Google warns that the federal government’s online news bill could force it to subsidize non-authoritative or biased news sources, such as Russia’s state-sponsored Sputnik news agency.
But the organization representing Canada’s news media industry says the bill’s language is strict and specifically excludes media that promotes the interests of an organization.
Google argues that the bill’s definition of an eligible news source is so broad that non-professional media outlets with two or more reporters in Canada, including those funded by foreign states, could be eligible for the giants’ payment. technology.
The Online News Bill, inspired by similar legislation in Australia, is designed to support Canada’s news industry and combat the dissemination of news from biased or unreliable sources.
The bill, known as C-18 in Parliament, would force tech giants such as Google and Meta to pay for the reuse of information produced by Canadian news outlets.
The proposed legislation would also prevent tech giants from penalizing or privileging news organizations with which they have agreements.
But Google says it could affect how it ranks news on its search engine and moderates content.
After the start of the war in Ukraine, she began to limit the visibility of the Russian state-controlled media organization RT, including on the Google News search tool.
Definition too broad, according to the company
Google spokeswoman Lauren Skelly said the search engine could face “massive fines for presenting the most useful and trusted content to Canadians and for enforcing our own policies.”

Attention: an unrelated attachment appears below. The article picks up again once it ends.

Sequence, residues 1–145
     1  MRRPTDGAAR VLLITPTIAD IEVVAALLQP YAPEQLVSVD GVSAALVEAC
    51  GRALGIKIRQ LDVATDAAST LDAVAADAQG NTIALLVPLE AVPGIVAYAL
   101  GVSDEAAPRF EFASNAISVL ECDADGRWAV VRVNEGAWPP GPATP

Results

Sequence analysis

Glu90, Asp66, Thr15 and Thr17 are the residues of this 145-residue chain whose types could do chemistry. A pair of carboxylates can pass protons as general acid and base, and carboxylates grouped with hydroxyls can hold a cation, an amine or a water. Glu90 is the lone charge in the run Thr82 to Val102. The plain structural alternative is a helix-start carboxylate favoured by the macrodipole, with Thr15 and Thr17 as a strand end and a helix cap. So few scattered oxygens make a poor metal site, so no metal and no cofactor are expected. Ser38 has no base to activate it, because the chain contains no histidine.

Skelly said the tech giant supports the central purpose of the bill, but fears the legislation, as drafted, will have unintended consequences, including making it pay news companies that do not meet journalistic standards.
This could potentially include two people who have created a digital news organization from their basement, foreign state-sponsored news groups with an office in Canada or news outlets with a far left bias or far right.
“We have to believe that this is not an outcome intended by policymakers and hope to work with them to address those concerns,” Skelly said.
“The legislation as drafted uses an extremely broad definition of qualifying information undertakings and ‘undue preference’ provisions which, when put into practice, could result in mandatory payment for content that does not meet basic journalistic standards.”
But the president of News Media Canada, which represents the country’s news media industry, said the bill was carefully crafted.
“This is very good legislation that specifically excludes media that promotes the interests of an organization as opposed to producing original news content of general interest,” said Paul Deegan.
“The bill will allow many small publishers to come together and negotiate content licensing deals with big tech companies. We urge parliamentarians from all parties to work together and pass this urgent legislation before the winter break. ‘summer.”
Regulation left to CRTC
Canadian Heritage said in a statement that “it is not the government’s role to decide what is and what is not online news.”
“There is an objective set of criteria, removed from political decision-making, for determining eligible news outlets. A free and independent press is essential to democracy,” he said.
When it announced Bill C-18, the federal government said the legislation would ensure Canadians have access to quality factual information in an era of growing misinformation and public mistrust.
The broadcast regulator, the Canadian Radio-television and Telecommunications Commission, will be given the task of designating what qualifies as a news organization.
According to the bill, to qualify, a news organization would have to be designated as a Canadian journalism organization under the Income Tax Act or produce news content primarily on matters of general interest, and operate and employ two or more journalists in Canada.